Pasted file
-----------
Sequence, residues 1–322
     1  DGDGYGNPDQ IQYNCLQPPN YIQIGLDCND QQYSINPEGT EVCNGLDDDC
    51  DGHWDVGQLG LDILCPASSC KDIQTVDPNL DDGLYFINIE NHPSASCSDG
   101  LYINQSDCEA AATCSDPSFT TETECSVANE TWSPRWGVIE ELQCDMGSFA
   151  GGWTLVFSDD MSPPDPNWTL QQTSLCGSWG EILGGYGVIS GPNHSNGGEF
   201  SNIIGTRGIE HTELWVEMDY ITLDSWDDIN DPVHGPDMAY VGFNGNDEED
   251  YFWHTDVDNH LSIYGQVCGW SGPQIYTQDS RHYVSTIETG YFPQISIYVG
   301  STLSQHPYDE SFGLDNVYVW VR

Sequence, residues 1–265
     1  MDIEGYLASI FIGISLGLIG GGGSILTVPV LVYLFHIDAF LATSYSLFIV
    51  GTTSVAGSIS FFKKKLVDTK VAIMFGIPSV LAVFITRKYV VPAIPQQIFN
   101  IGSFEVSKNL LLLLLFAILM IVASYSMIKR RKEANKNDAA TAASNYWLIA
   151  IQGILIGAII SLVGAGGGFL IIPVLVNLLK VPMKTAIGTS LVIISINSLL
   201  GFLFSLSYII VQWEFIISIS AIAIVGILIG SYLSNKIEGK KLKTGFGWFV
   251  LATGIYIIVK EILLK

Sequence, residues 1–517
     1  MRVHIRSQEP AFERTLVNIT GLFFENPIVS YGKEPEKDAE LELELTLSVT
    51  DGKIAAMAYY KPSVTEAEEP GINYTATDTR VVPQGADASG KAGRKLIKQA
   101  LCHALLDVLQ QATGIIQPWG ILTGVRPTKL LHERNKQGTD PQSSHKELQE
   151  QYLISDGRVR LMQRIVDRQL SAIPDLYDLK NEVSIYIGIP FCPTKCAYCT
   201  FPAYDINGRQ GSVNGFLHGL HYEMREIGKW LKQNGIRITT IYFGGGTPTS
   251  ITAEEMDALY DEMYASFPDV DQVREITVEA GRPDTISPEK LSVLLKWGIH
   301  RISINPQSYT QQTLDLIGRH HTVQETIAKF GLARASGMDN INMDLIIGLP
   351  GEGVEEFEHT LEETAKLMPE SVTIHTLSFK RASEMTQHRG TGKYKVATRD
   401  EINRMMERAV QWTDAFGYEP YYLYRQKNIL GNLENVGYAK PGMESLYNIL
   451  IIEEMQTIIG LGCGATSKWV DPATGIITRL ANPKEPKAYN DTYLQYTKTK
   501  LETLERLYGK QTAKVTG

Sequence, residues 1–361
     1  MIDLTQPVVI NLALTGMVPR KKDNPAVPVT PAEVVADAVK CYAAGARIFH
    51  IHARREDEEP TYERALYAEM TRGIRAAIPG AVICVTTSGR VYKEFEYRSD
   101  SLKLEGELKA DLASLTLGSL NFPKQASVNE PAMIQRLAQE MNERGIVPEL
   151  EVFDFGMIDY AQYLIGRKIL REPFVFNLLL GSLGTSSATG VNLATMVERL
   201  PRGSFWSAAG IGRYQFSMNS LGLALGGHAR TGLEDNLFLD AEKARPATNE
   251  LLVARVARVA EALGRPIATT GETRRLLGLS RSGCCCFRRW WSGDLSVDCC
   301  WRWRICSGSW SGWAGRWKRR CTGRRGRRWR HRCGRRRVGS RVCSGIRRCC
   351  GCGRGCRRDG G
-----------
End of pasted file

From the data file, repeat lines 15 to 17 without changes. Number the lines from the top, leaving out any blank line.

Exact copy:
   251  LATGIYIIVK EILLK

Sequence, residues 1–517
     1  MRVHIRSQEP AFERTLVNIT GLFFENPIVS YGKEPEKDAE LELELTLSVT